Wednesday, March 30, 2005

Christians vs. Christians

John Danforth:
During the 18 years I served in the Senate, Republicans often disagreed with each other. But there was much that held us together. We believed in limited government, in keeping light the burden of taxation and regulation. We encouraged the private sector, so that a free economy might thrive. We believed that judges should interpret the law, not legislate. We were internationalists who supported an engaged foreign policy, a strong national defense and free trade. These were principles shared by virtually all Republicans.

But in recent times, we Republicans have allowed this shared agenda to become secondary to the agenda of Christian conservatives. As a senator, I worried every day about the size of the federal deficit. I did not spend a single minute worrying about the effect of gays on the institution of marriage. Today it seems to be the other way around.
I think that a lot of people in this country are concerned about the way the courts are taking control away from elected representatives. I certainly am, but it's not motivated by my religious beliefs. It's because I believe in democracy, that we should have a voice in determining what kind of society we live in, short of actually oppressing entire groups. And denying men the right to marry other men is not oppression. This "religion has no place in politics" meme is just another sophistry, intended to disenfranchise large groups of people whose political views are informed by their religions. What it basically boils down to is that the left and libertarians should be free to attack religion and morality and the religious shouldn't be allowed to defend it.
Religious people have not tried to impose sectarian views on society. Most of our traditions and laws dealing with morality were originally the consensus, shared by humanists and religionists alike.
It was not the religious who brought their views into politics, but the anti-religious who have used the courts to attack long-held rules.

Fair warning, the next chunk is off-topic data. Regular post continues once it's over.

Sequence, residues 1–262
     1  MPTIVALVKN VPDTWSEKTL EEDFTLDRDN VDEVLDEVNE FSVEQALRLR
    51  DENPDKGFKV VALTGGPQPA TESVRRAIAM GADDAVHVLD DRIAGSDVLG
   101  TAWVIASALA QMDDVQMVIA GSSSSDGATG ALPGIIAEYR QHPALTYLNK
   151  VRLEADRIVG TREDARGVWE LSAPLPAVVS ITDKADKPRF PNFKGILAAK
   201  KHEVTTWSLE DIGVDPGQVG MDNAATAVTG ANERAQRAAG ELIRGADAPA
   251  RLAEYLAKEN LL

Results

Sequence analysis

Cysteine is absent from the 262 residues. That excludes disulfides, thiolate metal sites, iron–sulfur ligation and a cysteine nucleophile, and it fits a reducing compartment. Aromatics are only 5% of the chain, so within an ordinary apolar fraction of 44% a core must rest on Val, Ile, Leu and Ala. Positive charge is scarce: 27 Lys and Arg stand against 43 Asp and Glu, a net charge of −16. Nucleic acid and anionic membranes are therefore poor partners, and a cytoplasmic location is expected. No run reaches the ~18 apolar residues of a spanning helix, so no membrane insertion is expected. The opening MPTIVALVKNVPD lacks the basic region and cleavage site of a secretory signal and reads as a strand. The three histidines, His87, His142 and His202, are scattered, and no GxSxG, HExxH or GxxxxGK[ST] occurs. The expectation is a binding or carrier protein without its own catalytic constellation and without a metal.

The filibuster being used by Democrats right now is a last-gasp attempt to protect their hegemony over the judicial system, which has been so pliant to arguments that every previously immoral act is now a Constitutional right. Danforth pays lip service to allowing courts to interpret the law, but if he doesn't recognize the danger of the trends in jurisprudence, he's out of touch with his old political base. The Schiavo case isn't about religion, it's about decency, respect and due process.

Update: Hugh Hewitt's answer is right on:
[Referring to the quote above] I do not know any prominent and influential Christian conservative who disagrees with this agenda, and in fact know many who have worked ceaselessly to enact it. But they also have an agenda that seeks to reduce the number of abortions, to empower parents in the lives of their children, to preserve marriage as it has always been, and to assure that schools are not the preserves of left-wing ideology. It is simple arrogance to assert that these goals are not consistent with the historic traditions of the party of Lincoln, which began as a party of moral certainty that slavery was wrong. In demanding that morality not play a part in the party's council's, Danforth is the one arguing for an abandonment of the GOP's history.
In a piece on the same subject Hewitt writes:
The speed with which issues that excite the passions of people of faith have arrived at the center of American politics is not surprising given the forced march that the courts have put those issues on. It was not the "religious right" that pushed gay marriage to the center of the public debate; it was courts in Hawaii, Vermont, and Massachusetts. It wasn't the "religious right" that ordered Terri Schiavo's feeding tube removed; it was a Florida Supreme Court that struck down a law passed by the Florida legislature and signed by Governor Jeb Bush which would have allowed Terri Schiavo to live. And it isn't the "religious right" that forced the United States Supreme Court to repeatedly issue rulings on areas of law that would have been better left to legislatures.
That about nails it.


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